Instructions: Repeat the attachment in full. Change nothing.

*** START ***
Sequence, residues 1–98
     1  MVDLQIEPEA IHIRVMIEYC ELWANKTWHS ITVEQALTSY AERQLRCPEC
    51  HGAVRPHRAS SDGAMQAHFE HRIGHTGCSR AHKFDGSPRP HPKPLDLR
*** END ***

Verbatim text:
Sequence, residues 1–98
     1  MVDLQIEPEA IHIRVMIEYC ELWANKTWHS ITVEQALTSY AERQLRCPEC
    51  HGAVRPHRAS SDGAMQAHFE HRIGHTGCSR AHKFDGSPRP HPKPLDLR